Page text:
• Instead culture (often unconsciously) identifies crucial ruptures, rifts, gaps and shifts in society. It is indispensable for our understanding of the mechanics of the world in this respect, pointing us toward those things around us that are unstable, changing, that shape how we live and how we treat one another. If we’re alert to it, it helps reveal who we are to ourselves, often in ways we didn’t realize in places we didn’t necessarily think to look.

  • Culture is something we propagate but also something naturally there, existing in and around us, which makes us who we are but which may rise to the level of our consciousness only when one of those ruptures or rifts appear — when some little psychic clash happens between it and our more or less unconscious sense of the everyday world.


Your task: Choose one of these excerpts and write a brief (350 words) account that either confirms or rebuts Kimmelman’s argument. For example, for the excerpts about culture’s role revealing rifts in society, you might write about street art or graffiti you have encountered on your travels and what that artistic expression might mean or reveal. I might write about seeing New York Yankees hats all over Ireland and what that tells me about Ireland’s relationship with or perceptions of the United States, and perhaps about the power of brands and how brands work. (Unfortunately, I saw a lot of Red Sox hats, too.)

You are who you root for

January 20, 2016

I wear something with a Tar Heel on it almost every day. If not the heel, then an interlocking ‘NC’. If not either the heel or the NC, then something powder blue. Every day. Some days it’s three or five such apparel choices, all layered on top of Air Jordans, in tribute to His Airness (UNC, BA-Geo., 1986). InterLOCK

Why? Why do I wear so much to affiliate myself with a university and, to be honest, an athletics program and, to be even more honest, one team — Carolina basketball? Is it that I wish to share in the glow and aura that are Tar Heel hoops? Is it an important aspect of how I construct and communicate my identity? Did I choose to attend Carolina (twice) in part because of its campus sports culture? (Yes, absolutely.) Why was that so important to me?

“Communication and Sport: Surveying the Field” tells us that people “enact, produce, consume, and organize sport primarily as a communicative activity.” Our college and team affiliations seem to communicate something essential about our identities. And as a society we use sports to communicate something about “American values,” as we’ll see both in its sophistication and vulgarity in about three weeks (the Super Bowl). My own research certainly suggests that sport is one of the primary sites for constructing, maintaining and contesting identity. Think about Jackie Robinson. His courage and success on the field communicated important, undeniable truths about blackness in America. I’ve written books about this.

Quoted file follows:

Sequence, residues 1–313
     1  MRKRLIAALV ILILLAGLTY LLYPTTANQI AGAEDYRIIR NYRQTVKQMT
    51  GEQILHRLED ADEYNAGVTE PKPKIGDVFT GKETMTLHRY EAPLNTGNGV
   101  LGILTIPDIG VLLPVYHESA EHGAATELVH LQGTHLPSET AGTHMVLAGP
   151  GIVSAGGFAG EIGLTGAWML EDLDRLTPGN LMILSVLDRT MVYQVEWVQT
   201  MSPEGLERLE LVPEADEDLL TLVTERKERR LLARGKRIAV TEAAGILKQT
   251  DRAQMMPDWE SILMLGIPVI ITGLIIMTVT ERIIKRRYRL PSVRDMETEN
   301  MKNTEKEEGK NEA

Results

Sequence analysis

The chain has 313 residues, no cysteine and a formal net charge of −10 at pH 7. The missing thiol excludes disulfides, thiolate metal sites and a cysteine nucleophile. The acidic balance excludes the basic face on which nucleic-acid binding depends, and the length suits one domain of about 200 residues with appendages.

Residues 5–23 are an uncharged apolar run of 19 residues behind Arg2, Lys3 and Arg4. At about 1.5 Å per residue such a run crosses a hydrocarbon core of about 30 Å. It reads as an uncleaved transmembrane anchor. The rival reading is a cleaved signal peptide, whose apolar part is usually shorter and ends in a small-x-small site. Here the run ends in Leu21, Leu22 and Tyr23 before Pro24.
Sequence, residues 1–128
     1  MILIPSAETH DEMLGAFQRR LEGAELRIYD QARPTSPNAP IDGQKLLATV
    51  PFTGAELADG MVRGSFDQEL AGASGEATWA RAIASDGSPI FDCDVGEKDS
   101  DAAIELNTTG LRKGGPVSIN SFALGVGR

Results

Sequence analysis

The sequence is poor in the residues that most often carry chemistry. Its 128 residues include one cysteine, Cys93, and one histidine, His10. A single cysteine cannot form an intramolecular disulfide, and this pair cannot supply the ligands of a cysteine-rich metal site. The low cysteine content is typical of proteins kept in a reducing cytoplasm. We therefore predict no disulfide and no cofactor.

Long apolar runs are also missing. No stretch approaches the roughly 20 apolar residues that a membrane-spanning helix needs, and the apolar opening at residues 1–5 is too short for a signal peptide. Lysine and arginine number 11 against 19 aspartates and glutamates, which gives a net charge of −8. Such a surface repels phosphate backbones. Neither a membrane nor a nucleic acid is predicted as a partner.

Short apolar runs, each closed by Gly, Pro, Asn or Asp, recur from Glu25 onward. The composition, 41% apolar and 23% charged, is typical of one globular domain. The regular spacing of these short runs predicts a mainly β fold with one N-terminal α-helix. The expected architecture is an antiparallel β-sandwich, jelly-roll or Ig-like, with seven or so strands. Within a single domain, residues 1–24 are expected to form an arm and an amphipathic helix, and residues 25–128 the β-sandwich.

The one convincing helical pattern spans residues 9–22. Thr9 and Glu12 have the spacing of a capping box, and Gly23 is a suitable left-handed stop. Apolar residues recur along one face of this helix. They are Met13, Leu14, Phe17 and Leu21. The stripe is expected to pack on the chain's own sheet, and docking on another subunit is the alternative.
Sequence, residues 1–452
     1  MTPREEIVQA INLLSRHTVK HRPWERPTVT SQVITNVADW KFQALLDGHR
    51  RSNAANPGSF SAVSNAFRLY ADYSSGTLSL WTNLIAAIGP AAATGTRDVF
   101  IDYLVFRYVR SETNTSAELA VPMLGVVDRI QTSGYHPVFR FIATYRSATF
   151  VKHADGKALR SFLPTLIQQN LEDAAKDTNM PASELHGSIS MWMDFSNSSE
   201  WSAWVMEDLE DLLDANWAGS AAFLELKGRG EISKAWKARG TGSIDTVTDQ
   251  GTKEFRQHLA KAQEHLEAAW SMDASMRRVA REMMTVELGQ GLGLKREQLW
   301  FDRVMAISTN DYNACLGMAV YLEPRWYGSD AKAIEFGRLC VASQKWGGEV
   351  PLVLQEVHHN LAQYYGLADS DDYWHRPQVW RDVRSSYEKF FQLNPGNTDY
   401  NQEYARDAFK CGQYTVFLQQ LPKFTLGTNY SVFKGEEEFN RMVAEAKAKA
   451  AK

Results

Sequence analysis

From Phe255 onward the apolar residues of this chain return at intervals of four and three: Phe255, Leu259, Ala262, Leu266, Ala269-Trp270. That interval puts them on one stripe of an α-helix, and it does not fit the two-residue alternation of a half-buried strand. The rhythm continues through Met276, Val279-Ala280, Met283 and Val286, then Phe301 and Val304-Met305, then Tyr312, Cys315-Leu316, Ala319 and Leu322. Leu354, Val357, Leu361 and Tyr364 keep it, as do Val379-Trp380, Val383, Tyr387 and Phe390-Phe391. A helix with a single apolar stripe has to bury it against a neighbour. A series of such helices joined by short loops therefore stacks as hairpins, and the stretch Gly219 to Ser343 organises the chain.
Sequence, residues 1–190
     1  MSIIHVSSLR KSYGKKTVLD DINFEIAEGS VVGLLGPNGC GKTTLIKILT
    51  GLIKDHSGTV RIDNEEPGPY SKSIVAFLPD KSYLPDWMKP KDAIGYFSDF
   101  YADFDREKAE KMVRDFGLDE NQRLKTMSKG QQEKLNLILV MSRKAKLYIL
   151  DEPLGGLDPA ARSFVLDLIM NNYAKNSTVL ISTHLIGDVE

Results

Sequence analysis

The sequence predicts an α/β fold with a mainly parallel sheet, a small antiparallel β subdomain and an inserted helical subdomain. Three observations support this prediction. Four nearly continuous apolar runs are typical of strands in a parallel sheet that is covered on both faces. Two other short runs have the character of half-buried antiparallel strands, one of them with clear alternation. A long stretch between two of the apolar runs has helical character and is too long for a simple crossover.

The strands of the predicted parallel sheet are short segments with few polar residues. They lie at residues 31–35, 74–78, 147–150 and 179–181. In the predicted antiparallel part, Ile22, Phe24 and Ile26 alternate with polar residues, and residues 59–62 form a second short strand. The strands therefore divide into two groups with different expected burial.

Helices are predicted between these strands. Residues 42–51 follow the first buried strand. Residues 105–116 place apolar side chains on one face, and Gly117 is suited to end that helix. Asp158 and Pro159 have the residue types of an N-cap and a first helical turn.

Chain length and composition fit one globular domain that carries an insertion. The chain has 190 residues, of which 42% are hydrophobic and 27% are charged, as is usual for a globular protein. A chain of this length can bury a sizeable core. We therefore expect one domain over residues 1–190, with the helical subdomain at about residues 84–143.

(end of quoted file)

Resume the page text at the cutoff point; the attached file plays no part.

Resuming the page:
So my questions for you here:

  • How do you use sports to create or construct identity?
  • How do you use sports to communicate who you are, what’s important and who you are NOT?
  • How have you seen sports used to contest identity? This last question might be especially apt for our class’s women.
  • How specifically do these choices and values manifest themselves in your dress and in your behavior? (In 2012, $4.6 billion — that’s BILLION — was spent on collegiate licensed merchandise like my UNC sweatshirt and Tar Heels baseball cap, not to mention garden gnomes and dog bandanas.)

Post a few graphs that show your thinking about these questions about sports, communication and identity.



Brain as place

December 30, 2015

I’m sure you’ll hear about this journalism from other places, but I’m referencing it for three writerly reasons:

1. Knausgaard serves up a smorgasbord of metaphors, which I know is a metaphor, but one that is at least specific to the author’s nationality.

2. The presentation’s exquisite layered multimedia, and in that presentation, the very wise choice to put the video at the very end.

3. The reminder that nothing can do the heavy lifting of storytelling like long-form. In this post-happy, ‘like’-driven socially mediated world, narrative can still arrest.

Take a look, if you dare.

Tending the garden

October 7, 2015

In an article about online trolls in the Chronicle of Higher Education, tech culture expert Xeni Jardin is quoted saying that she believes “online communities rot without daily tending by human hands.” It’s a wonderful garden metaphor, and garden metaphors, like that of Adam and Eve in the unspoiled Eden, are among the most durable and delightful of metaphors. Shakespeare knew this. Advertisers know this. Adding another semantic layer to Jardin’s use of this metaphor is the delicious fact that Jardin’s name, in French, means “garden.”

How cool is that?